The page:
is the Greek word for horse. Loosely translated it is therapy with the
help of the horse. More specifically Hippotherapy refers to the movement
of the horse.
three dimensional pelvic movement of the horse at the walk is similar
to the movement of the human pelvis during walking. The sensory/ motor
input from the horse's pelvis sends impulses to the central nervous
system of the patient.
In a patient's physical therapy treatment when 20 - 30 minutes incorporates the treatment strategy of Hippotherapy,
the movement of the horse ), the patient receives more then 3,000
impulses to the central nervous system. These impulses are received by
all the systems in the human body. The central nervous system integrates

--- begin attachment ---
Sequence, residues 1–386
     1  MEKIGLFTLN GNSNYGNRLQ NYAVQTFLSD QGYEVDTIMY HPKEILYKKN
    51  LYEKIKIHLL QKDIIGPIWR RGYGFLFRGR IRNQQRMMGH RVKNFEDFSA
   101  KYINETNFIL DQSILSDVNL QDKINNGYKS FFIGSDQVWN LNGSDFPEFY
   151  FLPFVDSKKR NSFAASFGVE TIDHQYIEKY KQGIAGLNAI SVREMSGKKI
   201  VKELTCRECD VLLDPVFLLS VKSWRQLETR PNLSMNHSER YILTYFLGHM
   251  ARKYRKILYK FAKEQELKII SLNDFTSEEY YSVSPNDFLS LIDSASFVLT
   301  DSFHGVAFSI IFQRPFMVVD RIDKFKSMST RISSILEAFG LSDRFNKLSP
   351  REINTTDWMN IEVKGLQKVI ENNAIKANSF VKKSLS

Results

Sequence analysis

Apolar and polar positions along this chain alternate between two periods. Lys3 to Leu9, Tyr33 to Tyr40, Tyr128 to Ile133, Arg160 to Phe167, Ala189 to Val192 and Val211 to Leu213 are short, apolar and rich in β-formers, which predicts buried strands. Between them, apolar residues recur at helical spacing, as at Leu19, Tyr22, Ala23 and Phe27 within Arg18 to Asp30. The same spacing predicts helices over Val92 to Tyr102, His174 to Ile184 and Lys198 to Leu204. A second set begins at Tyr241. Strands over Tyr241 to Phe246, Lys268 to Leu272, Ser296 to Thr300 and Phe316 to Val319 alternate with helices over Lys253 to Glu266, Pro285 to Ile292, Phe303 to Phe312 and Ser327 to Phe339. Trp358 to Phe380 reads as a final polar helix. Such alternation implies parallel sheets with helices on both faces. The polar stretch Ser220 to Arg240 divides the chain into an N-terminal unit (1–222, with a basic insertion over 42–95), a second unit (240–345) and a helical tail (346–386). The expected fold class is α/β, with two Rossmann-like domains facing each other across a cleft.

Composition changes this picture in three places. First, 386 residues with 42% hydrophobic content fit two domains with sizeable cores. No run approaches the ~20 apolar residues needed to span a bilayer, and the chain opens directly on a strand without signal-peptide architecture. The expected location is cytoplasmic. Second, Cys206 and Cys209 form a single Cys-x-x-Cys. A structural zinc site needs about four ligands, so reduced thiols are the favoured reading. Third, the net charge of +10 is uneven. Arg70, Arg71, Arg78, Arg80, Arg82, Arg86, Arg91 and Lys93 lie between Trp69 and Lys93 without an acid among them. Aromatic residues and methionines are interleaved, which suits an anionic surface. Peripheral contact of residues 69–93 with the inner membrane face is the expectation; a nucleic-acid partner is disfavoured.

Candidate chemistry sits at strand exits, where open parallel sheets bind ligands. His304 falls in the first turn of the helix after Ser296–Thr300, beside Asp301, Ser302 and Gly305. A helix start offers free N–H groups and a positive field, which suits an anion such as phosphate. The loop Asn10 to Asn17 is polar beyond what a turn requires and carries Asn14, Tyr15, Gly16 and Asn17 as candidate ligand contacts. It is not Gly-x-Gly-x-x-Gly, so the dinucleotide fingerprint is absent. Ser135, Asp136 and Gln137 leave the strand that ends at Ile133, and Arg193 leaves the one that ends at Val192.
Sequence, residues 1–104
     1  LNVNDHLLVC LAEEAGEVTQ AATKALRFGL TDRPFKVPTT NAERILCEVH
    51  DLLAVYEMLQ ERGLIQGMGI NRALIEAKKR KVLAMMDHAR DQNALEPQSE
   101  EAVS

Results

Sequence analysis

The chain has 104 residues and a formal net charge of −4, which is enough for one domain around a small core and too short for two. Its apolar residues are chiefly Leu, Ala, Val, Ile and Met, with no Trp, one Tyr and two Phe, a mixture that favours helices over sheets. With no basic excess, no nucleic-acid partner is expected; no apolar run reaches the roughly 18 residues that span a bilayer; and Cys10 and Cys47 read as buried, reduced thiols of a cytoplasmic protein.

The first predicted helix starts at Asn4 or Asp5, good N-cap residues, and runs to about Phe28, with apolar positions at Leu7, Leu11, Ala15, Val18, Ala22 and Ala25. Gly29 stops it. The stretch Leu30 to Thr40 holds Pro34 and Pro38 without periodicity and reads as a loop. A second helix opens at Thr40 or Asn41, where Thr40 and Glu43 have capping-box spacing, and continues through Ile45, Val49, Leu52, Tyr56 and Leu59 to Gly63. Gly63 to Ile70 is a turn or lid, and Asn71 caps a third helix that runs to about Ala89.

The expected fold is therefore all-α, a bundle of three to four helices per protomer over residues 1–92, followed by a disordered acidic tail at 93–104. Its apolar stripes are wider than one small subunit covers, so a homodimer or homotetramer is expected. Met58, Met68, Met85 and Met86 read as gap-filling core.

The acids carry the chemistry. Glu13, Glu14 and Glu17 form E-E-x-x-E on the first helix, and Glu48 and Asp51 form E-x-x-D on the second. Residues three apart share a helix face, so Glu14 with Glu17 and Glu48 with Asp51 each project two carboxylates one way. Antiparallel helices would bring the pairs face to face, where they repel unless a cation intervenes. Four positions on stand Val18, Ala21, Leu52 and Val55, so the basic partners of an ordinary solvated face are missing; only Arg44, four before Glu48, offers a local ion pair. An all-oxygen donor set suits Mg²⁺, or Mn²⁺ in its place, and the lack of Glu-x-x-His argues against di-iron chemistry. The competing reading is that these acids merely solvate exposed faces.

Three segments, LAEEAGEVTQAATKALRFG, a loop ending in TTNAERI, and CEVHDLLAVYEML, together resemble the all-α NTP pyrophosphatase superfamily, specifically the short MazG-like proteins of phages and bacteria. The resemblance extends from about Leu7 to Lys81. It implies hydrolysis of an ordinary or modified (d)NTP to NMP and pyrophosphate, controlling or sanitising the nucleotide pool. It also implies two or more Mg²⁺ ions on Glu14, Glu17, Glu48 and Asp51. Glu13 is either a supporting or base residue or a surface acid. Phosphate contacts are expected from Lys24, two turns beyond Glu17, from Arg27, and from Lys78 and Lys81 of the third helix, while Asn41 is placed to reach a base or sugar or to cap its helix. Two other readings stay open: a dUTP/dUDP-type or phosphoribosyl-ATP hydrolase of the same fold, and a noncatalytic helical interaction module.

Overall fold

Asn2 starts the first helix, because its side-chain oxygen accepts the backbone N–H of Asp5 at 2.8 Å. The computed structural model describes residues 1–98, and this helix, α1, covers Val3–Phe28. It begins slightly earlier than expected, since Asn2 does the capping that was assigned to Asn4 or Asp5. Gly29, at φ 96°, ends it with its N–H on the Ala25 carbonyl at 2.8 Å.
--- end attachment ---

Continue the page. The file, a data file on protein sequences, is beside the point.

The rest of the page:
this information and new motor pathways are formed. MRI studies
conducted in the late 1990's by Dr Bluestone displayed increased
activity in the cerebral cortex and the motor and vestibular cortex
following a physical therapy treatment incorporating Hippotherapy.
A physical therapist may integrate this treatment strategy along with other treatment strategies into a patient's Plan of Care as per the initial evaluation to address functional outcomes.
Patients from 2 years old and up are able to benefit when hippotherapy is part of a Plan of Care to treat developmental delays and neuromotor or musculoskeletal impairments.
as a treatment strategy is recognized by the APTA and AOTA, ASHA
as within the scope of practice and considered a physical therapy,
occupational therapy or speech therapy treatment intervention in a plan of care for patients.